Metropolitan residents (who have never had the pleasure of managing a septic system, or who have never waddled through their leachfields, or who never even had the fun of pumping out their systems) just flush their toilets and “away go difficulties down the drain.” The maintenance and operation of the wastewater treatment facility adjacent to our property, referred known as “the septic system,” have been required of those of us who live in more rural locations.

  1. Septic tanks are often connected to a drainage field or seepage pit of some sort.
  2. However, if it is left unattended for an extended period of time, it might back up and obstruct the drainage field.
  3. A COMPLETE LIST OF THE COMPONENTS OF SEWAGE TREATMENT SYSTEMSA House sewers, septic tanks, distribution boxes, and absorption fields or seepage pits are all common components of a conventional domestic sewage treatment system.
  4. In the absence of adequate treatment, untreated liquid household wastes (sewage) may soon block your absorption field, causing it to overflow.
  5. Upon entering the septic tank, the heavy contents drop to the bottom, while the lighter solids such as fats and greases partially degrade and rise to the surface where they produce a layer of scum.
  6. Septic tanks do not eradicate microorganisms, and as a result, the waste that is released cannot be regarded as safe for human consumption.
  7. It is critical that each trench or pit receives an equivalent quantity of water flow to function properly.

a system of shallow ditches partially filled with a bed of washed gravel or crushed stone, into which perforated or open joint pipe is installed.

The size and construction of the subsurface absorption field must be done correctly.

Cesspools – Cesspools function in a similar way as septic systems.

These can also get clogged as a result of excessive use as well as the introduction of detergents and other materials that slow down the bacterial action.

Pumping out will only provide temporary relief to the system.

MAINTENANCES Due to the fact that sediments will continue to accumulate at the bottom of the tank, it is critical that the “septic tank be pumped out on a regular basis.” Keep in mind that sludge is not biodegradable.

The frequency at which wastewater will be pumped out will be determined mostly by the volume of wastewater that passes through the system each day.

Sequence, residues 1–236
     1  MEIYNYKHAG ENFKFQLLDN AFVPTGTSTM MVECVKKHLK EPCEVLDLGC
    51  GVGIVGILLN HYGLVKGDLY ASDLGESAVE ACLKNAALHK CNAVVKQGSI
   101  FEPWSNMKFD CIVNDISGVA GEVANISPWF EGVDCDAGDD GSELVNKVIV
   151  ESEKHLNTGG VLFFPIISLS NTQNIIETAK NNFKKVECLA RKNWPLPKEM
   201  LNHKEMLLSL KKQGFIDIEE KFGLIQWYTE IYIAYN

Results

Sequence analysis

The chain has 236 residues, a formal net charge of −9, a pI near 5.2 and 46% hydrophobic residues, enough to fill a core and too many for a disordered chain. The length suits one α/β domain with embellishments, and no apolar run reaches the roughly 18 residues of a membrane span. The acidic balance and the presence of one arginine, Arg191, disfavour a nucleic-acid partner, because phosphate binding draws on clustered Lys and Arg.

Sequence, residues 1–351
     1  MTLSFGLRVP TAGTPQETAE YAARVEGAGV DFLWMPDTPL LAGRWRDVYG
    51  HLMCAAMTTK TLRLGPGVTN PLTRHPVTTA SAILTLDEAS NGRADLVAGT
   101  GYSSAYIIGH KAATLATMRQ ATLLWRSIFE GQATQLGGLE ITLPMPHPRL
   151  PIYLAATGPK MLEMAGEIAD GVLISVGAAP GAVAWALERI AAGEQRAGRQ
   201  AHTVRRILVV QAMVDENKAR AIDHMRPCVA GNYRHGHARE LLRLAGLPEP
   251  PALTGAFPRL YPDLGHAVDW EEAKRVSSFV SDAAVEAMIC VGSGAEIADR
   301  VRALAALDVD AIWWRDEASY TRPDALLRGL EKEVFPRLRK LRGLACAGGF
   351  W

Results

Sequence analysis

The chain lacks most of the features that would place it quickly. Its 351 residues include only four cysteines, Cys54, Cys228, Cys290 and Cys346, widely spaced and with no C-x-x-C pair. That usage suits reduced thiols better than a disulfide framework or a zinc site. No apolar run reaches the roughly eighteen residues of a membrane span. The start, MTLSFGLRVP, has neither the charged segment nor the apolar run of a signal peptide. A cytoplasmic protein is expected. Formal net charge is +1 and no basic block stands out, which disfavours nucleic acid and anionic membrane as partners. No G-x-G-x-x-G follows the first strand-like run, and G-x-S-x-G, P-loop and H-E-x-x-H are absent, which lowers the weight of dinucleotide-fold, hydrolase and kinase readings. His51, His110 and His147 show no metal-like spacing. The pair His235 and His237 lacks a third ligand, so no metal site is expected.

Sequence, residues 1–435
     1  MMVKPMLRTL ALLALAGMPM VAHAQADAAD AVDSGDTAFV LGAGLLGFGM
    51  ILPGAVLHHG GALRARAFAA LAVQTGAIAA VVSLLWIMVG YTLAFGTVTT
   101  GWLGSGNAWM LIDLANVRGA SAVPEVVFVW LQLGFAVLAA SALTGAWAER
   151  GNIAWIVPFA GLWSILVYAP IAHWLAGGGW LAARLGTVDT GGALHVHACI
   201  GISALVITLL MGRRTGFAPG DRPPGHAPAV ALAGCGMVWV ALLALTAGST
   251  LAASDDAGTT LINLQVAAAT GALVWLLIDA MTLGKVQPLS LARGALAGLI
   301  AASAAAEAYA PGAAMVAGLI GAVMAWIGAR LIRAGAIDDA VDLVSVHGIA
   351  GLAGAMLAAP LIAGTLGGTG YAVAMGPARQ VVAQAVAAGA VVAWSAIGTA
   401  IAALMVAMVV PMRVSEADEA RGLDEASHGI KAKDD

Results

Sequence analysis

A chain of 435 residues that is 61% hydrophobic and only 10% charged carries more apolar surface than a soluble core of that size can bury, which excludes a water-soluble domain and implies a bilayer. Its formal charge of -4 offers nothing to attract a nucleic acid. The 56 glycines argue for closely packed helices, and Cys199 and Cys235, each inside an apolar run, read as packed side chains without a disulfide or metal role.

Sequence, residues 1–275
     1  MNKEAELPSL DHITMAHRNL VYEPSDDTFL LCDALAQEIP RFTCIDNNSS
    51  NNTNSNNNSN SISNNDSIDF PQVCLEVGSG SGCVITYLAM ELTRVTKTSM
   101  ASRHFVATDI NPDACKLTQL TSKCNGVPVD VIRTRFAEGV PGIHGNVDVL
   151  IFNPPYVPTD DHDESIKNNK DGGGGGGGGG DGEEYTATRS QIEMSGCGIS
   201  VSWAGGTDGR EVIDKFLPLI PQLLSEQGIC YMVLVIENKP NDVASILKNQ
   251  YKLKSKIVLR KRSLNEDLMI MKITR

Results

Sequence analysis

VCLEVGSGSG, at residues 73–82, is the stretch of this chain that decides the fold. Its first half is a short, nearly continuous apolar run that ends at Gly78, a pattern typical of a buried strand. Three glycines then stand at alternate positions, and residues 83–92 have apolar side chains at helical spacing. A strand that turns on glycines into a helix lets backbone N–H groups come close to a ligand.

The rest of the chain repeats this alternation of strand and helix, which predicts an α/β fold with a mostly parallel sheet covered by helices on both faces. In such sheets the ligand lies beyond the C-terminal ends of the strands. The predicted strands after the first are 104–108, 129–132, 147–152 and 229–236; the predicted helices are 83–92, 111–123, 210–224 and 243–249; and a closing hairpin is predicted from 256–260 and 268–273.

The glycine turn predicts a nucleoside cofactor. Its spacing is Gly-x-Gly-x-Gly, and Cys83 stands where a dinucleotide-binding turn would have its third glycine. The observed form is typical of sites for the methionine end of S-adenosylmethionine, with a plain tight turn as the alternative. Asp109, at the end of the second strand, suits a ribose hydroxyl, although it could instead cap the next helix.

The more solid waste that is disposed of into the system, the faster the tank will fill up with water.

That is why it is recommended not to utilize a trash disposal in a septic tank system, and why water should not be left running in sinks or toilets without being used.

This will soon block the drainage pipes as well as the soil into which the pipes discharge their waste.

It is the bacteria’s responsibility to digest any organic waste stuff that accumulates in the system.

It becomes suffocating, and normal digestion will not take place.

Because to the usage of large amounts of detergents, laundry waste, bleach, home chemicals, and caustic drain openers, bacteria are being killed or overwhelmed in the environment.

Items that are not biodegradable are disposed of in the system (plastics etc.).

There are too many people utilizing a system that is too small, insufficient, or malfunctioning.

Enzymes are nothing more than a catalyst for the growth of microorganisms.

It is recommended that you supplement your system with “100 percent Natural LIVE ADULT BACTERIA” on a regular basis.

Make an appointment with your septic specialist.

Generally speaking, a facultative bacterium is one that may be used in both environments where there is air and environments where there is no air (anaerobic situations).

REGULATIONS AT THE LOCAL AND STATE LEVELS In recent years, as communities have grown more crowded and as people have become more aware of the influence of one home on another, regulatory authorities have begun to place greater emphasis on the correct care of each individual property.